And then we see what the CCP has done to Hong Kong in the past few years, and especially the past twelve months. The “anaconda” is writhing violently around the city, determined to strangle every last breath of freedom. Almost every pro-democracy leader in Hong Kong is now on trial, in jail, or in exile. The pro-democracy camp has been forced off the streets and pushed out of the legislature.
Not content with this, the authorities are now increasing surveillance, with plans announced this week for a new law to require the provision of personal details when registering a mobile phone. In other words, no one will be able to have a private telephone conversation anymore.
The new head of the CCP’s foreign ministry office in Hong Kong, Liu Guangyuan, warned two days ago that his priority would be to stop “foreign forces” from “meddling” in the city’s affairs. Support for universal human rights, freedoms promised under the Basic Law, or for principles guaranteed in an international treaty, the Sino-British Joint Declaration, constitute “interference” in Mr Liu’s book. The anaconda is now hissing furiously.
For those of us outside China and Hong Kong, who have freedom, there is only one choice. We must continue to speak out, especially for those who find it increasingly dangerous to speak for themselves. We must ensure that the truth is known. As the CCP bans memories of 1989 in Hong Kong as it has done throughout the mainland, and over time works to brainwash children through propaganda in the school curriculum, the onus is on us who still have freedom to keep the memory of June 4 alive. And I certainly pledge to do that.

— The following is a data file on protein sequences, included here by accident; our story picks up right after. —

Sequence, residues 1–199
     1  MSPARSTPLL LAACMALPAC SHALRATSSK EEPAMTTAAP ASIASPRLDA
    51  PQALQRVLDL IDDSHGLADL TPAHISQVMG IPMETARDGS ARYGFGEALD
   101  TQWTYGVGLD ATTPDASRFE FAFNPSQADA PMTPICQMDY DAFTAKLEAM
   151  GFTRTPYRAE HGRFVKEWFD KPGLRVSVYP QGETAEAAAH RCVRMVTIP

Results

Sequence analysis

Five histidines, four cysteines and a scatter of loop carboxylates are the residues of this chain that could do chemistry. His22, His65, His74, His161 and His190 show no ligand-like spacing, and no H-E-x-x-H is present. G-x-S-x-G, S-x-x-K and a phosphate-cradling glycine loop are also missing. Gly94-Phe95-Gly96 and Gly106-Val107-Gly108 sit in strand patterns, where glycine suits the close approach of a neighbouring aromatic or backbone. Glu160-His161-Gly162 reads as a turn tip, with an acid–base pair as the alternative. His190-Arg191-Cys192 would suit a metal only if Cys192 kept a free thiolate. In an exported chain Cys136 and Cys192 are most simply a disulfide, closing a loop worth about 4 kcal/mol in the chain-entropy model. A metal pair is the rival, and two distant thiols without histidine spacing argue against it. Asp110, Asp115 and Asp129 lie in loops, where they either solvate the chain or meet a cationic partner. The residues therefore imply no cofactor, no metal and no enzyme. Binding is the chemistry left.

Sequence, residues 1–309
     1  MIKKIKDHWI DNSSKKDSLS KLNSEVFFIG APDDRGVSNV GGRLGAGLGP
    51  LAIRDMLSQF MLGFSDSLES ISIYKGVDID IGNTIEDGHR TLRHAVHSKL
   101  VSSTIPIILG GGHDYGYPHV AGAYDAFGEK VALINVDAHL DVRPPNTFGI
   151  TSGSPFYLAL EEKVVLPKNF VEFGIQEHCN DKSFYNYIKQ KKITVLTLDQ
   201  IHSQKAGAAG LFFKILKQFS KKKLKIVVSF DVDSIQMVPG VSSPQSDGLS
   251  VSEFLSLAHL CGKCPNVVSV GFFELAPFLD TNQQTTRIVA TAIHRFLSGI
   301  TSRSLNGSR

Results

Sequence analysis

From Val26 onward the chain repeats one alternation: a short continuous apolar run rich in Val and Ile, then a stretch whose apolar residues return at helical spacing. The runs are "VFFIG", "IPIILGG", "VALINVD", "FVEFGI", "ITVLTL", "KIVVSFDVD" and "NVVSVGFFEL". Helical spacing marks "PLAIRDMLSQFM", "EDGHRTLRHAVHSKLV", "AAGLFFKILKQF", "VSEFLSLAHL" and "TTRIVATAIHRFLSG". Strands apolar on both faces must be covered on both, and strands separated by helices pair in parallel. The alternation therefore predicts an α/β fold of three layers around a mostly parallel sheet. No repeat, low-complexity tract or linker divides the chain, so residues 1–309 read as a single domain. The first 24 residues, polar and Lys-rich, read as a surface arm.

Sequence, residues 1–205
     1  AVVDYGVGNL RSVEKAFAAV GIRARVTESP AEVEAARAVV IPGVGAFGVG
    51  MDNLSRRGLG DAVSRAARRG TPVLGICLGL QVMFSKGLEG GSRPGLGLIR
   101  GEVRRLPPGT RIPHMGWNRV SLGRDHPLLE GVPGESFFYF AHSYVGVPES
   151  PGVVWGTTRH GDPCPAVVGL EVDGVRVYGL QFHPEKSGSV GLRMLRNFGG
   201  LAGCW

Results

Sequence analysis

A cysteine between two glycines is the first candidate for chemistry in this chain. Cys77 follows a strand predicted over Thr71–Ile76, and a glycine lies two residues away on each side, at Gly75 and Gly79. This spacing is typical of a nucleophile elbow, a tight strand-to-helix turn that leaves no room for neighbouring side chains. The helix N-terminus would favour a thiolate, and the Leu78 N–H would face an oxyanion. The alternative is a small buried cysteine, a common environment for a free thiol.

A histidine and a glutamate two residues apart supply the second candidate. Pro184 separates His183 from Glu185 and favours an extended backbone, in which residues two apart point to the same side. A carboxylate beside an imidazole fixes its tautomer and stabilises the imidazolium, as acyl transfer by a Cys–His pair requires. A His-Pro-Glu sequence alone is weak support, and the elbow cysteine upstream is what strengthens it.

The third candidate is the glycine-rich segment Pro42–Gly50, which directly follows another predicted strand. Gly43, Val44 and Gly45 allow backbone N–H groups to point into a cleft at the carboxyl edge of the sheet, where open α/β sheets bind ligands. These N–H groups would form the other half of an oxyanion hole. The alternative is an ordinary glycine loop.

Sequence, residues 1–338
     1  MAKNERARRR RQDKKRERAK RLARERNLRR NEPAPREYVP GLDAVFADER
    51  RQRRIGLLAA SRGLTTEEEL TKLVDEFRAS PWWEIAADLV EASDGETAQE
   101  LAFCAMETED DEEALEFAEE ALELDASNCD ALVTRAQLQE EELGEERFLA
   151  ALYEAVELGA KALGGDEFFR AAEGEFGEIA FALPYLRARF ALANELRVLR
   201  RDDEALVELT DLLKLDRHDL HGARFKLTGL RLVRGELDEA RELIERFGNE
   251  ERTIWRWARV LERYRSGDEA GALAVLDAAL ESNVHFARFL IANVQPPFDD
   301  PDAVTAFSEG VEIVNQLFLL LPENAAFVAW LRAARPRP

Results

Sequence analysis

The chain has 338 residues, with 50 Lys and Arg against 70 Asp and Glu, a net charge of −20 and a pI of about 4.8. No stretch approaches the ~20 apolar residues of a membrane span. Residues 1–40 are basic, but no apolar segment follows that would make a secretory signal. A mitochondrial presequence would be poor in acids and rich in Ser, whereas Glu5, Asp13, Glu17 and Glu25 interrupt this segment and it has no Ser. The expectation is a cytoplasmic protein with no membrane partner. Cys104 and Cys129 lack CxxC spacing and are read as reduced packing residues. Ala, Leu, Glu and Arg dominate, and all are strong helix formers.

When I used to travel to Beijing regularly, one of my favorite things to do was to go to an old courtyard-style restaurant and then, after dinner, walk through the ramparts of the nearby Forbidden City in the moonlight. I could feel the centuries of imperial history. And then I’d walk past some People’s Liberation Army soldiers on sentry duty and under Mao’s portrait on the Tiananmen Gate and into the floodlit square. Every time I did so it was as if I could hear the voices of the 1989 martyred demonstrators calling to me: “Speak out”. That’s why, for them and for Hong Kongers, tonight I’ll be in Leicester Square to remember the massacre in Tiananmen Square. I hope everyone with the freedom to do so will do the same.
(Benedict Rogers is a human rights activist and writer. He is the co-founder and Chief Executive of Hong Kong Watch, Senior Analyst for East Asia at the international human rights organisation CSW, co-founder and Deputy Chair of the UK Conservative Party Human Rights Commission, a member of the advisory group of the Inter-Parliamentary Alliance on China (IPAC), a member of the advisory group of the Stop Uyghur Genocide Campaign, an advisor to the Global Week of Prayer for China and a founding trustee of Hong Kong ARC.)